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To say there has been more heat than light generated in the ongoing news coverage of the Town Fair Tire sales tax case would be an understatement. This case, first argued before the Massachusetts Appellate Tax Board and then, on appeal, before the Massachusetts Supreme Judicial Court (decision pending), struck an immediate chord in the news media and in no time at all had resurrected old tales (very tall ones at that) of the days when revenuers from Massachusetts supposedly prowled the state line looking for state residents returning with their trunks stuffed full of tax-free goods purchased in the Granite State. (There are no such patrols, by the way.)

In truth, the Town Fair Tire dispute is a narrow case testing whether Massachusetts has the right to compel the tire company, which also has stores in Massachusetts and is thus subject to Massachusetts rules, regulations and laws, to collect sales tax on tires installed on vehicles bearing Massachusetts license plates and registrations.

Numerous commentators have weighed in on this one, with most suggesting that Massachusetts is nuts to even contemplate collection of the sales tax in this instance, even though Massachusetts has a use tax law (honored more by individual consumers in the breach rather than the observance) requiring taxpayers to pay use tax on items purchased in a state with no sales tax and brought back to Massachusetts, and a nexus law that establishes the primacy of Massachusetts sales tax law for companies with a physical presence in the Bay State.

In the spirit of providing a little balance in this so far largely one-sided debate, this blog presents the following piece by David E. Brunori, a journalist, author, educator and lawyer who specializes in tax and government issues. Brunori is both Research Professor of Public Policy at George Washington University an a contributing editor of State Tax Notes, where he writes a weekly column, "The Politics of State Taxation." In other words, he is a real tax wonk. Brunori wrote on July 16:

"New Hampshire Governor John Lynch (D) has signed the bill that he thinks will protect his state's retailers from an evil pro-tax empire called Massachusetts. For those unfamiliar with this conflict, people in Massachusetts were surreptitiously crossing the state line to buy tires for their cars tax free. They would drive back to Massachusetts and use those tires as they traveled from the piney western mountains to the seashores of Cape Cod.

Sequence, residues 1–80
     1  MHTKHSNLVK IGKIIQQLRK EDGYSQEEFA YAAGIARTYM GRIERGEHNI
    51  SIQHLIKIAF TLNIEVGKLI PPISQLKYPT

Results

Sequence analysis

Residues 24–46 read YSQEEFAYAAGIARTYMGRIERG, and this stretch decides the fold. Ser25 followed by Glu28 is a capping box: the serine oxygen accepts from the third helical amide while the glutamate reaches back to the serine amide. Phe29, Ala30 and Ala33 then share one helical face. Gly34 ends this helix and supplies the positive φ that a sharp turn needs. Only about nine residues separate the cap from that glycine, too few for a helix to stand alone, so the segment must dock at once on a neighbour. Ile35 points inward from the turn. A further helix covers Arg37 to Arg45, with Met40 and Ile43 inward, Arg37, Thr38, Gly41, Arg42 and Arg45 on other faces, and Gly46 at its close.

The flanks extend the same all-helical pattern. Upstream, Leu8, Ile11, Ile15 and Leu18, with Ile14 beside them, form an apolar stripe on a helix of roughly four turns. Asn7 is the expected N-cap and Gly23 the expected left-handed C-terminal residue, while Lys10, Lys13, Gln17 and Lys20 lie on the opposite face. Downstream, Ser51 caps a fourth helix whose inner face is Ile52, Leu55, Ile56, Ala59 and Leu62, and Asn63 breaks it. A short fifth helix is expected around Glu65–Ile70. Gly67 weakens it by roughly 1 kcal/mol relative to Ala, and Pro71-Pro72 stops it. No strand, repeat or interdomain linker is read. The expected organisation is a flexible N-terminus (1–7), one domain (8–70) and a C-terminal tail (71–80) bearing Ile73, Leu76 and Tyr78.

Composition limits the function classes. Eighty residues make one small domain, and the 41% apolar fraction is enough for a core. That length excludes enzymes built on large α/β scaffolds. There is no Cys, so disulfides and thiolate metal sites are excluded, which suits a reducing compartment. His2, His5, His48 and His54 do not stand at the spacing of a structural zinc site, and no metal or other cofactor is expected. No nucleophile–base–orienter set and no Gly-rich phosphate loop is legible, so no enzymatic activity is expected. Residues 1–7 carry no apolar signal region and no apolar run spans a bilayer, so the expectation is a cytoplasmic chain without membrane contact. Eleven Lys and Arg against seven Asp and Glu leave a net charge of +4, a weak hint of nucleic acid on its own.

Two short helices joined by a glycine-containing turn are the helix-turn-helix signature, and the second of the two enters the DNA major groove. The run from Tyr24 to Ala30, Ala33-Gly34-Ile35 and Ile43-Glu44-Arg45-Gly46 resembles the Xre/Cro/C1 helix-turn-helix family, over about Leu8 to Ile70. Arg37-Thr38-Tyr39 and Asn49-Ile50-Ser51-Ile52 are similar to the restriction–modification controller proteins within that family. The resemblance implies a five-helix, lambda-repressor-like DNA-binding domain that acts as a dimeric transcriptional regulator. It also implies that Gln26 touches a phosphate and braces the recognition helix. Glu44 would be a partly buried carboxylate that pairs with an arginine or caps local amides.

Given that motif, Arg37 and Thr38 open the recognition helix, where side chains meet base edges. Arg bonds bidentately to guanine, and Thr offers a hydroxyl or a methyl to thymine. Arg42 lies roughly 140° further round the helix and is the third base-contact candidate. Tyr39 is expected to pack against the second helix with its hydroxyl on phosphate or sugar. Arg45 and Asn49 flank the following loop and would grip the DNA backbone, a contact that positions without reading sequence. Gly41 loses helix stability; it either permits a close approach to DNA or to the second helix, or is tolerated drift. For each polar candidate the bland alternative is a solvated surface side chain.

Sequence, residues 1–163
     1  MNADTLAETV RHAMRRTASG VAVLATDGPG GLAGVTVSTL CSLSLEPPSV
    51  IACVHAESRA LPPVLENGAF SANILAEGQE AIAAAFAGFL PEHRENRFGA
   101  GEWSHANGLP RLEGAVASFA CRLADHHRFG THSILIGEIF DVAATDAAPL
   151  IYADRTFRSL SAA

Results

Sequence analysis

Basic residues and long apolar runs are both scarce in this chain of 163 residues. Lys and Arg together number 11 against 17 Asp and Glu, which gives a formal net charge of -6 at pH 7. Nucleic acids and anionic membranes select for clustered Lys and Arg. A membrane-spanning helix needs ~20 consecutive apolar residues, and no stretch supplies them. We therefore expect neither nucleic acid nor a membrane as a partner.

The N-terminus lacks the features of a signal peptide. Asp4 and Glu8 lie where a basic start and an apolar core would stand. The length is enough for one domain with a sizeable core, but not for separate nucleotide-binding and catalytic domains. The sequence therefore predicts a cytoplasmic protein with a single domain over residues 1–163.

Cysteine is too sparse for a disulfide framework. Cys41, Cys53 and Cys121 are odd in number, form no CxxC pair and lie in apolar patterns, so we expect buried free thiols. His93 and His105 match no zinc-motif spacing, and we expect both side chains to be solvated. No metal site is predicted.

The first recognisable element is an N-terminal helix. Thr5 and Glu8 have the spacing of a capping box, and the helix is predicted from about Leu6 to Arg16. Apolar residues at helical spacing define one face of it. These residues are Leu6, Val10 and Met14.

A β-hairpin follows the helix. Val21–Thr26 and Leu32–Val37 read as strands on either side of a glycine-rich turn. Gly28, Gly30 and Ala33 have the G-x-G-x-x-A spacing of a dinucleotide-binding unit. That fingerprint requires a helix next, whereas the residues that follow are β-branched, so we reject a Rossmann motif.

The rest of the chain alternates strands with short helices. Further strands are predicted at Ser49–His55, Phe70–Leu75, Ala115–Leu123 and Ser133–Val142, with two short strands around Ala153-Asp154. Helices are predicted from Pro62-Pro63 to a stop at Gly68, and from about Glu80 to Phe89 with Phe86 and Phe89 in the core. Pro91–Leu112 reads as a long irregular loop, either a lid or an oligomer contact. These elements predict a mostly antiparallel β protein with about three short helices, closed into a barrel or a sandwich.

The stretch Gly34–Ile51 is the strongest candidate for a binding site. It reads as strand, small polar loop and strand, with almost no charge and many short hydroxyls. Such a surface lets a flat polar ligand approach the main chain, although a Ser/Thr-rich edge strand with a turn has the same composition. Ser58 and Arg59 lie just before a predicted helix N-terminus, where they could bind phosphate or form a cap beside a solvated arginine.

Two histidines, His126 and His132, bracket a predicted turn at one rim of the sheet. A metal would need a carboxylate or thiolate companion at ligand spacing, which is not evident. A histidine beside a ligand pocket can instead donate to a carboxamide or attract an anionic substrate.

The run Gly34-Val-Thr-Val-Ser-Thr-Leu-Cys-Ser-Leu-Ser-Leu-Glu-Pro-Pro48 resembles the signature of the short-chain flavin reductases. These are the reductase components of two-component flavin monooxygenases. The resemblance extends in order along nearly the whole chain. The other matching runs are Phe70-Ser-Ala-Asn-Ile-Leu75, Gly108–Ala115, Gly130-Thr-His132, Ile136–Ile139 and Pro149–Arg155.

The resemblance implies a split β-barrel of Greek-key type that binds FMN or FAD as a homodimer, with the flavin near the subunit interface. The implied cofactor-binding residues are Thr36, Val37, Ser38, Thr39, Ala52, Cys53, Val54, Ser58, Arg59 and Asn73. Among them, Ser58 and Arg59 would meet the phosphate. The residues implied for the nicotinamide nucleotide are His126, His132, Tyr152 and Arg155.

"Unbeknownst to everyone, the Massachusetts Department of Revenue was on to that tax avoidance scheme. The department discovered that one of the New Hampshire tire stores — Town Fair Tire — was a chain with stores in Massachusetts. That gave Town Fair Tire nexus in Massachusetts. So the department attempted to collect use tax from Town Fair Tire on sales of tires in New Hampshire to Massachusetts residents.

"Personally, I see nothing wrong with imposing use taxes in this manner … The tire store has branches in Massachusetts. And the tax is owed.

"Lynch and New Hampshire lawmakers are acting like the Massachusetts DOR is crossing the border and kidnapping children. The new law says that New Hampshire retailers don't have to provide sales information to out-of-state tax collectors (read: those from Massachusetts). How is that for interstate cooperation. And where is the Federation of Tax Administrators when you need it? Lynch and his legislative buddies are couching his support in terms of protecting privacy. That's a crock.

"Let's be clear. People in Massachusetts buy tires in New Hampshire to avoid sales taxes. Massachusetts tire purchasers owe use tax — but won't pay it. The sales and use tax law works only if the vendor collects. The vendor in this case is a company over which Massachusetts has jurisdiction. Therefore, Massachusetts has every right to require the vendor to collect the tax. And New Hampshire law is meaningless as long as New Hampshire companies have a physical presence in Massachusetts." 

Stay tuned.

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